Civil War after 1917 1917

The question of chief interest, now, to the governments and the peoples of the world is, What will be the influence of the Russian Revolution on the War? Will it bring peace nearer? Or will the revolutionary enthusiasm of the people swing towards a more vigorous prosecution of the war?

This letter was written in mid-March as Lenin was preparing to travel to Russia. In it he appealed to Russian war prisoners in Germany and Austria to return to Russia in order to support the revolution agasint the ruling classes.

Lenin’s two-and-a-half-hour lecture consisted of two parts. In the first, Lenin surveyed the historical conditions which could, and did, produce such a “miracle” as the collapse of the tsarist monarchy in a matter of eight days. The most important of these was the “great rebellion” of 1905–07, so vilely denounced by the Guchkovs and Milyukovs, the present masters of the situation, who are moved to admiration by the “glorious revolution” of 1917. But had the really profound Revolution of 1905 not “ploughed up the ground”, had it not exposed to view all the parties and classes in action, had it not exposed the tsarist clique in all its barbarism and savagery, the swift victory of 1917 would not have been possible.

On 21 March 1917 (3 April according to the new calendar), the first of Lenin's Letters from afar was published in Pravda, which was at that time edited by Joseph Stalin and Lev Kamenev. In these letters Lenin outlined the main characteristics of the Russian revolution and laid the basis for the political reorientation of the Bolshevik party. This was the political basis for the coming to power of the Bolsheviks only 7 months later.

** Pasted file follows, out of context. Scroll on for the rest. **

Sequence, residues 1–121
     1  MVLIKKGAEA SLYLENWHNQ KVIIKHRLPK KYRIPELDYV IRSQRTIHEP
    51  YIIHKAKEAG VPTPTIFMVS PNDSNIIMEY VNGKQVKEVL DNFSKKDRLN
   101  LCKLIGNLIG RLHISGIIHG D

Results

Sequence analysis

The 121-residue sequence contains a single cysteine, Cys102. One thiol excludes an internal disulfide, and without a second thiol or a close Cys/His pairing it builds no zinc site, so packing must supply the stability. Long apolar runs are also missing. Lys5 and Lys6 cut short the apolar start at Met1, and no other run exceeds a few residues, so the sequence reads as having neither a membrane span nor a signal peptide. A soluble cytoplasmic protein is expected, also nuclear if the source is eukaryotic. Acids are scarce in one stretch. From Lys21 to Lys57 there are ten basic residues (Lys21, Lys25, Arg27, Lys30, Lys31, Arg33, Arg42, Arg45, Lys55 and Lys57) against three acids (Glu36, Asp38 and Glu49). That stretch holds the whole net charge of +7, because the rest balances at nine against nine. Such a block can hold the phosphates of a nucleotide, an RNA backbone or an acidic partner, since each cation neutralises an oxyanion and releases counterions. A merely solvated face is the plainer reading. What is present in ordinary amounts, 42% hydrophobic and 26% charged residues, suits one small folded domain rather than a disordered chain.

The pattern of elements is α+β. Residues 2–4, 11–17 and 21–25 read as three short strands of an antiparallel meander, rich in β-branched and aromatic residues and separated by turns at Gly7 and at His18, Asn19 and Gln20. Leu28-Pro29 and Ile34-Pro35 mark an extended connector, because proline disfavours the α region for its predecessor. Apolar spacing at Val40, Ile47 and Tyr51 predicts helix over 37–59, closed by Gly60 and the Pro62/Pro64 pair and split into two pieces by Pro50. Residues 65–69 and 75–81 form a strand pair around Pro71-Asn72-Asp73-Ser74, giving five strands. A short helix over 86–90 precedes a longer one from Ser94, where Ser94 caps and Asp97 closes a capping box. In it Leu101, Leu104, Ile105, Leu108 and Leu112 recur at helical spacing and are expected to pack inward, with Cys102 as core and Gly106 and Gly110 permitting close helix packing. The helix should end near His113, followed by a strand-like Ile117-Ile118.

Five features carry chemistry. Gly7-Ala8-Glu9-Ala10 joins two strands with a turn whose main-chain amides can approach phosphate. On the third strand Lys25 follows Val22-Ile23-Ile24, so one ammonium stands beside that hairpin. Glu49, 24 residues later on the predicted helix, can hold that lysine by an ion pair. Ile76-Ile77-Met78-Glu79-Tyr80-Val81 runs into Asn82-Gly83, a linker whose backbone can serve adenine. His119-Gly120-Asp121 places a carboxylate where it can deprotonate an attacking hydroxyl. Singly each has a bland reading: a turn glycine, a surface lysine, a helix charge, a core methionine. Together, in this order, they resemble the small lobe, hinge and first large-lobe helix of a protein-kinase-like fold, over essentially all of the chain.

Comrade workers,

The prediction of the socialists who have remained faithful to socialism and have not succumbed to the savage and beastly war hysteria has proved correct. The first revolution, caused by the world-wide predatory war among the capitalists of various countries, has broken out. The imperialist war, that is, a war for the capitalist division of spoils, for the strangling of weak nations, has begun to turn into civil war, that is, a war of the workers against the capitalists, of the toilers and the oppressed against their oppressors, against tsars and kings, landowners and capitalists, a war for mankind’s complete liberation from wars, from poverty of the masses, from oppression of man by man!

Various German newspapers have published a distorted version of the telegram I sent on Monday, March 19, to certain members of our Party in Scandinavia who were leaving for Russia and who asked my advice about the tactics Social-Democrats should follow.

Our tactics: no trust in and no support of the new government; Kerensky is especially suspect; arming of the proletariat is the only guarantee; immediate elections to the Petrograd City Council; no rapprochement with other parties. Telegraph this to Petrograd.

This essay was written on March 18th, 1917, when the first news of unrest in Petrograd had reached New York.